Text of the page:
SEC’s new rule seeks to mitigate conflicts of interest at clearing agencies

Move draws broad support but dissenting voice questions level of ‘micromanagement’.

The SEC has announced its adoption of new rules aimed at improving governance at clearing agencies registered with the agency. The new rules, which seek to reduce conflicts of interest and promote board independence, create new requirements for board composition, independent directors, and certain committees, the SEC said in a statement.

They require (in most instances) that a majority of the board be independent directors; require firms to create risk management committees with an annual re-evaluation of such composition; mandate the creation of policies and procedures to identify, mitigate or eliminate conflicts of interest; plus require policies and procedures that obligate directors to report potential conflicts promptly.

It would also require the creation of policies and procedures for the board to solicit, consider, and document its consideration of the views of service providers and other relevant stakeholders regarding material developments in the registered clearing agency’s risk management and operations. The clearing firms must outline the specific roles for senior management and the board to play in these risk management processes.

The rule proposal followed episodes of market volatility that included large fluctuations in the market due to COVID-19 disruptions and the meme stock craze.

It also contains a board obligation to consider stakeholder viewpoints.

The SEC said the rules seek to improve the governance of registered clearing agencies by identifying certain responsibilities of the board, increase transparency into board governance, and improve the alignment of incentives among clearing-agency owners and participants.

The compliance date is 12 months after publication in the Federal Register, except for the independence requirements for the board and board committees, for which the compliance date is 24 months after publication in the Federal Register.

Uyeda and Peirce – One thumbs up, one down

In his concurring statement, Commissioner Mark Uyeda said he supported the rule in its final form because of the broad general support for it in the public comments and because the SEC had incorporated various recommendations submitted by commenters.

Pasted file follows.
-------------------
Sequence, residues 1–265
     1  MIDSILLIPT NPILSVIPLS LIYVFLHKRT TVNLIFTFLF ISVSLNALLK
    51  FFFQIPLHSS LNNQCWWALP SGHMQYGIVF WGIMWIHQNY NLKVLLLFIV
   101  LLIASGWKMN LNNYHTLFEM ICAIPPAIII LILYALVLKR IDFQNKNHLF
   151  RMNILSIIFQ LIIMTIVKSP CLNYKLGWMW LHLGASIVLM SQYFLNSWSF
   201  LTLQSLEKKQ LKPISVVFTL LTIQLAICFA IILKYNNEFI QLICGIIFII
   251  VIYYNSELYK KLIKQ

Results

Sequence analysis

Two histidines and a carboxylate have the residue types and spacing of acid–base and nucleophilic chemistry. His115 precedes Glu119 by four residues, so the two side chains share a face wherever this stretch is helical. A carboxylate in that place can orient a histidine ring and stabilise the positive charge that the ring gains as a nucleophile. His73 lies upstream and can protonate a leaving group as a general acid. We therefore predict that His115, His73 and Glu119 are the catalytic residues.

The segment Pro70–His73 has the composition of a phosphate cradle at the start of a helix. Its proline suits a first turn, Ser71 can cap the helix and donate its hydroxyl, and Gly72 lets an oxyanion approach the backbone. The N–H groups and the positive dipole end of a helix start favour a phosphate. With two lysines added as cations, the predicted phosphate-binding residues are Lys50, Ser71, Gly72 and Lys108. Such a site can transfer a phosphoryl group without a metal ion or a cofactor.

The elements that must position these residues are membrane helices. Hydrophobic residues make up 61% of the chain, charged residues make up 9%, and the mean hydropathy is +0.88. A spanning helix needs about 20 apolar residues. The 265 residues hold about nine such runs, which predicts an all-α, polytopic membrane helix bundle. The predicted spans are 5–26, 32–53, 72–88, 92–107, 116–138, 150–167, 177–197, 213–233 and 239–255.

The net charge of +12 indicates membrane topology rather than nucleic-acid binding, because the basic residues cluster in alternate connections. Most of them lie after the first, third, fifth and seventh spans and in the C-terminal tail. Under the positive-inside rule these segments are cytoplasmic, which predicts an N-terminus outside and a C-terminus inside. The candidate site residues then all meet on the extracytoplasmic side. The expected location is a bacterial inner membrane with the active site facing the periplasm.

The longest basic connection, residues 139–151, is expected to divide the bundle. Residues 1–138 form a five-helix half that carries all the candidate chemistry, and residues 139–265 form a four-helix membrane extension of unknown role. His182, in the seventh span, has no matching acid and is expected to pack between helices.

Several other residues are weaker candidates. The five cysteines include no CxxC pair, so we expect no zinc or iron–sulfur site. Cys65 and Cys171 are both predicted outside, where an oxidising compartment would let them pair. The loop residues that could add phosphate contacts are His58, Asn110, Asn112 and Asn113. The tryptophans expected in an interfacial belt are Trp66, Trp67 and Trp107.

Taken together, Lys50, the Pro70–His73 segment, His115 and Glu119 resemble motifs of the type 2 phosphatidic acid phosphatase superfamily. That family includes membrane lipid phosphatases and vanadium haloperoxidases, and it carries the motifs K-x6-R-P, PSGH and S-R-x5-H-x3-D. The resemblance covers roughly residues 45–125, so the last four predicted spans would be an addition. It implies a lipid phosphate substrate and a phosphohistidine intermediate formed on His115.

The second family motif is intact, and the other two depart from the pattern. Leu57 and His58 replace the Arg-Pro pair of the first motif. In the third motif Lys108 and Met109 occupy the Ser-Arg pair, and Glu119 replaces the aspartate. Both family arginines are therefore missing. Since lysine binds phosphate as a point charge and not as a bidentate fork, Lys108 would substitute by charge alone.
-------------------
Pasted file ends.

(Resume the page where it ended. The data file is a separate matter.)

He felt the agency had met its challenge in crafting governance standards that are appropriately designed to achieve the desired outcome without imposing unnecessary costs.

In her dissenting statement, Commissioner Hester Peirce said that sound regulation of clearing agencies should be a priority for the Commission. But she said the approach embodied in the final rule “micromanages clearing agency governance in a way that is likely to divert board attention from key issues by focusing it instead on an amorphous set of stakeholders”.

Peirce says the requirement that the board formally consider the views of an undefined group of “relevant stakeholders” with respect to material developments in risk management and operations muddies that fiduciary duty.

Range of consultation

She said that although the SEC narrowed the scope of the requirement since its proposal stage, it continues to be ambiguously broad. “The term ‘operations’ could cover many topics, which suggests boards will have to consult stakeholders on a whole range of issues,” she said.

The SEC first proposed this rule in August 2022 to mitigate the conflicts of interest inherent in clearing agency relationships. The rule proposal followed episodes of market volatility in 2021 that included such events as large fluctuations in the market due to COVID-19 disruptions and the meme stock craze.

At the time, the SEC noted that those episodes of enhanced market volatility revealed certain vulnerabilities in the US securities market and the essential role clearing agencies play in managing the risk if securities transactions fail to clear.